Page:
Remote Agent, developed at NASA Ames Research Center
and JPL, was the first artificial intelligence control system to control a spacecraft without human supervision. Remote Agent successfully demonstrated the ability to plan onboard activities and correctly diagnose and respond to simulated faults in spacecraft components. Autonomous control will enable future spacecraft to operate at greater distances from Earth, and to carry out more sophisticated science-gathering activities in deep space. Components of the Remote Agent software have been used to support other NASA Missions. Major components of Remote Agent were a robust planner (EUROPA), and a model-based diagnostic system (Livingstone). EUROPA was used as a ground-based planner for the Mars Exploration Rovers
, and EUROPA II is being used to support the Phoenix Lander
and the upcoming Mars Science Laboratory
. Livingstone2 was flown onboard Earth Observing 1
, and an F-18
at NASA Dryden Flight Research Center
Another method for reducing DSN burdens is the Beacon Monitor experiment. During the long cruise periods of the mission, spacecraft operations are essentially suspended. Instead of data, the craft emits a carrier
signal on a predetermined frequency. Without data decoding, the carrier can be detected by much simpler ground antennas and receivers. If the spacecraft detects an anomaly, it changes the carrier between four tones, based on urgency. Ground receivers then signal operators to divert DSN resources. This prevents skilled operators and expensive hardware from babysitting an unburdened mission operating nominally. A similar system is used on the New Horizons
Pluto probe to keep costs down during its ten-year cruise from Jupiter to Pluto.
The SDST (Small Deep-Space Transponder), as the name implies, is a compact radio communications system. Aside from using miniaturized components, the SDST is capable of communicating over the Ka band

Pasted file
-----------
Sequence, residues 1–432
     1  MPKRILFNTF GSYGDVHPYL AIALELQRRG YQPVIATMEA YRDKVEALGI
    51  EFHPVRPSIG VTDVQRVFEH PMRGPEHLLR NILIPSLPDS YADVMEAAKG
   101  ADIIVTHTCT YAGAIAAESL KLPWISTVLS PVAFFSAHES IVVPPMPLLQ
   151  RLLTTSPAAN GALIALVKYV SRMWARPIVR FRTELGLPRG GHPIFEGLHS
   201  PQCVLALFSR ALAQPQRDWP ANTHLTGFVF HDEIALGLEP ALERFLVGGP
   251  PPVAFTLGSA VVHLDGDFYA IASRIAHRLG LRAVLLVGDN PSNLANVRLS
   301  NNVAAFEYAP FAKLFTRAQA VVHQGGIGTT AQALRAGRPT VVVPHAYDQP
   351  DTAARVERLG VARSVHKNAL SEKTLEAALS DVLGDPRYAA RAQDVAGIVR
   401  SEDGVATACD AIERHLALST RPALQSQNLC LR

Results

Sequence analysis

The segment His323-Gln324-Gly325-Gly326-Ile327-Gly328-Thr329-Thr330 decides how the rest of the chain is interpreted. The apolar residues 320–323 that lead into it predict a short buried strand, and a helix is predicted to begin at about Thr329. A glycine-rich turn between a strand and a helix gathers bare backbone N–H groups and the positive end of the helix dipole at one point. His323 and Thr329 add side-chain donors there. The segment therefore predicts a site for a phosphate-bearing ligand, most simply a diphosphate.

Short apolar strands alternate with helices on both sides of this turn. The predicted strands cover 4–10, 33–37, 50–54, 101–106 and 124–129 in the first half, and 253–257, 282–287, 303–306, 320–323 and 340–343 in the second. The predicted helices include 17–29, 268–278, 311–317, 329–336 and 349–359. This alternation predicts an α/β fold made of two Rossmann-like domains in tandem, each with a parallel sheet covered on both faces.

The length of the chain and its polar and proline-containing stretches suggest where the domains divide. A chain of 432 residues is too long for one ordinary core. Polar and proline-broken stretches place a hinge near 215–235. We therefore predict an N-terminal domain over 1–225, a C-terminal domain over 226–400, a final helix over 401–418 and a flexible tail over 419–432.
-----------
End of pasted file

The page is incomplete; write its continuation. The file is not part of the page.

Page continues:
. Because this band is higher in frequency than bands currently in use by deep-space missions, the same amount of data can be sent by smaller equipment in space and on the ground. Conversely, existing DSN antennas can split time among more missions. At the time of launch, the DSN had a small number of Ka
receivers installed on an experimental basis; Ka
operations and missions are increasing.
Once at a target, DS1 senses the particle environment with the PEPE (Plasma Experiment for Planetary Exploration) instrument. It maps the objects with the MICAS (Miniature Integrated Camera And Spectrometer
) imaging channel, and discerns chemical composition with infrared and ultraviolet channels. All channels share a 10 cm telescope, which uses a silicon carbide
Other, secondary technologies are built in, at the component level, and in the spacecraft built by Spectrum Astro.
The ion propulsion engine initially failed after 4.5 minutes of operation. However, it was later restored to action and performed excellently. Early in the mission, material ejected during launch vehicle separation can cause the closely-spaced ion extraction grids to short. The contamination was eventually cleared, as the material was eroded by arcs, sublimed by outgassing, or simply allowed to drift out. This was achieved by repeatedly restarting the engine, arcing across trapped material.
It was thought that the ion exhaust might interfere with other spacecraft systems, such as radio communications or the science instruments. The PEPE detectors had a secondary function to monitor such effects from the engine. No interference was found.